The project had an original completion date of November 2006. A fatal gantry crane incident that occurred in February 2004 killed four workers and injured four others and shut down mainline work for 16 months. Prior to the incident the project was on schedule to be completed in the fall of 2005.

Sadly, another fatality occurred on April 19, 2007. The accident was reviewed by the Occupational Safety and Health Administration (OSHA) and ODOT sent trained professionals to provide stress and emotional counseling for the workers.

The Maumee River Crossing Task Force formed a committee to create a tribute to the lost and injured workers and their families and to the many others who worked on this one-of-a-kind structure.

While there is little funding for the opening day dedication ceremony, according to ODOT’s Voogd, that isn’t necessarily a bad thing. The community is so excited about the opening. The public is doing most of it themselves with volunteer labor and contributions.

“Kellogg’s is donating 10,000 bottles of protein water,” Voogd said. The Toledo Police Department is rescheduling shifts so there will be no overtime expenses, and the local transit authority is donating buses to shuttle people back and forth from parking lots.

“It takes more time doing it this way,” said Jeff Baker, the state’s construction manager and a veteran of many hours of public meetings.“But it’s worth it.”

An article written by Rob Carson of The News Tribune in Tacoma, Wash., where another famous bridge resides, was titled: “Bridge confetti will fall in the People’s Republic of Toledo.” In it he described the situation as “members of Toledo’s Light Show Subcommittee were deadlocked on details of the show they want their new bridge to perform on New Year’s Eve.”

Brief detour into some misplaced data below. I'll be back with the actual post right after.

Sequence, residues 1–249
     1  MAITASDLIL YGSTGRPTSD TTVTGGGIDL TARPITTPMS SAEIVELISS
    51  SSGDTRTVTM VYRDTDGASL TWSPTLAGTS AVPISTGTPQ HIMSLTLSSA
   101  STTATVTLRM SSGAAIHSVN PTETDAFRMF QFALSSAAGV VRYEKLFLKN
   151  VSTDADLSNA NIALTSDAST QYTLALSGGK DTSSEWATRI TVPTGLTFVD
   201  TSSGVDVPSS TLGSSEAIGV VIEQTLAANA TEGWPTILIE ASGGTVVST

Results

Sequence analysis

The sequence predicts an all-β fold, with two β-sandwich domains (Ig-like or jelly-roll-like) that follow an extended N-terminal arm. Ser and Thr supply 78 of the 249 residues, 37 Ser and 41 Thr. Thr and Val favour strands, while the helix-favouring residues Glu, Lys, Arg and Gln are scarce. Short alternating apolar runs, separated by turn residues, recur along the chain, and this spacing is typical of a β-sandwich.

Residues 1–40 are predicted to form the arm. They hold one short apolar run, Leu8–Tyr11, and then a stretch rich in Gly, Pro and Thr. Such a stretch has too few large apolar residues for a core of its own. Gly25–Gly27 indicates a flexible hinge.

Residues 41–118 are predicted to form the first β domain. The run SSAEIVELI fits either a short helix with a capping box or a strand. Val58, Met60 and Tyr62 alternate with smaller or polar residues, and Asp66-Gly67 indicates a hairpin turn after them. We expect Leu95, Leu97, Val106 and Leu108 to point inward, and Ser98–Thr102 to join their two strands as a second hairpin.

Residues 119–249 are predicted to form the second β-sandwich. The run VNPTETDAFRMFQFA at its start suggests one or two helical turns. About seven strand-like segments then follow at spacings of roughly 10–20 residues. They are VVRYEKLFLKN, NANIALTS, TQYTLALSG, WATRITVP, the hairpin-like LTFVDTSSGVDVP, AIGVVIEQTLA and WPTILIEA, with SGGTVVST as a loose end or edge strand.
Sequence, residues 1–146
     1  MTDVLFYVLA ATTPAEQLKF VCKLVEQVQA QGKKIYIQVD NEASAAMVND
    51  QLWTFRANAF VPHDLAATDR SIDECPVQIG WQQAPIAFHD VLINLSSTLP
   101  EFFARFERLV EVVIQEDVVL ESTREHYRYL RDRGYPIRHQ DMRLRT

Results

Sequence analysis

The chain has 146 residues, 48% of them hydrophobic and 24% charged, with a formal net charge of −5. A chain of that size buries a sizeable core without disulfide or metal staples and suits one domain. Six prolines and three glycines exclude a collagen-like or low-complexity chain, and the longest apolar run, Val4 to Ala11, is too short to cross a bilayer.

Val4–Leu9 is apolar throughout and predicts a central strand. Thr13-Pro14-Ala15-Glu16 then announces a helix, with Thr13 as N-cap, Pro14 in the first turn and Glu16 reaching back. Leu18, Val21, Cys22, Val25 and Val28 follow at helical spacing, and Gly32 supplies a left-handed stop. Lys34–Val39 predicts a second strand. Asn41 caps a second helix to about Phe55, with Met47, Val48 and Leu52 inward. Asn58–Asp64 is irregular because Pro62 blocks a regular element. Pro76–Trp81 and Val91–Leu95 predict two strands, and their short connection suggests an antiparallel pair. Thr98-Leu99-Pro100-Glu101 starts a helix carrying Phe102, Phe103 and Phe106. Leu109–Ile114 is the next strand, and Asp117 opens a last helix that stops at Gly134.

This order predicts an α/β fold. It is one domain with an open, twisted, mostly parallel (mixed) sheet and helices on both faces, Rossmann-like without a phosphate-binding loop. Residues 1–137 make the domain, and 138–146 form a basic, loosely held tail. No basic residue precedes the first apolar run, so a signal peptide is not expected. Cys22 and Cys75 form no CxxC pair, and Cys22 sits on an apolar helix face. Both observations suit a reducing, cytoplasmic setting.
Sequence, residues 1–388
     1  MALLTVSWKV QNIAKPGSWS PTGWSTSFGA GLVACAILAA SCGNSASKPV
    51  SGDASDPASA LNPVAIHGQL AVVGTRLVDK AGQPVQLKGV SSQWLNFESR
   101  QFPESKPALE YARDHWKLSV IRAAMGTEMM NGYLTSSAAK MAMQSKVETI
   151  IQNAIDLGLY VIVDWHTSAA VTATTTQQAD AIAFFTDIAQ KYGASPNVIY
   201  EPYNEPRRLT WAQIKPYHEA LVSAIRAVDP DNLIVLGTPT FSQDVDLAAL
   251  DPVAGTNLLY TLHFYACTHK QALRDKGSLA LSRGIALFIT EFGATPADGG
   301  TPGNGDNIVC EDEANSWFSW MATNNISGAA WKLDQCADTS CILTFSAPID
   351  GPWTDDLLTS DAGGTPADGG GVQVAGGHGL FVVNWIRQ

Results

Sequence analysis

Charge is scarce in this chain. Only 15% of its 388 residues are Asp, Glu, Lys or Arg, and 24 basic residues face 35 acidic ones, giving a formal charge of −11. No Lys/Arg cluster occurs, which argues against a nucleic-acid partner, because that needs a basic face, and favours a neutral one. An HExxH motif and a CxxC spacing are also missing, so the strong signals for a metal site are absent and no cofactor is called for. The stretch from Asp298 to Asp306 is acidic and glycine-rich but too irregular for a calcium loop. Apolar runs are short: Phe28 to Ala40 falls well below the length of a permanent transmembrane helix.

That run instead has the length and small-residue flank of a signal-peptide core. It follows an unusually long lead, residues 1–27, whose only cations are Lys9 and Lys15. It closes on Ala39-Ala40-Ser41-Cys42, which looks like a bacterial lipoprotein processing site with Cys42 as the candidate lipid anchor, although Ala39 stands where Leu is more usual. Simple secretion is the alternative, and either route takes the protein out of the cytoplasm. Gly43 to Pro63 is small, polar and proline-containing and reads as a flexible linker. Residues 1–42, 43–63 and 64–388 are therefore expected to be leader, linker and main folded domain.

Inside the bridge’s 400-ft.-tall (122 m) center pylon there are 13,824 computer-controlled LED lights which can be programmed to perform special tricks, dance, sparkle, fade from one color to another, and even resemble champagne or confetti.

According to Carson: “The subcommittee, made up of representatives of neighborhood groups and public agencies, was charged with programming light shows for 25 holidays and special events next year, and members were stuck on the first one.”

ODOT’s Voogd good-naturedly chided Carson, admitting that he got most of it right, while saying that regardless of the issues to be worked out, the various committees have worked long and hard and it is good for Toledo to have the recognition it deserves.

“There is no entry fee for participating in the parade but donations to defray parade costs will be gladly accepted by the Parade Sub-Committee. Any donations in excess of the costs of this once in a lifetime event will be contributed to the tribute fund for the permanent sculpture honoring all of the men and women who have contributed to the construction of the Veterans’ Glass City Skyway to be placed in nearby Tribute Park,” said Voogd.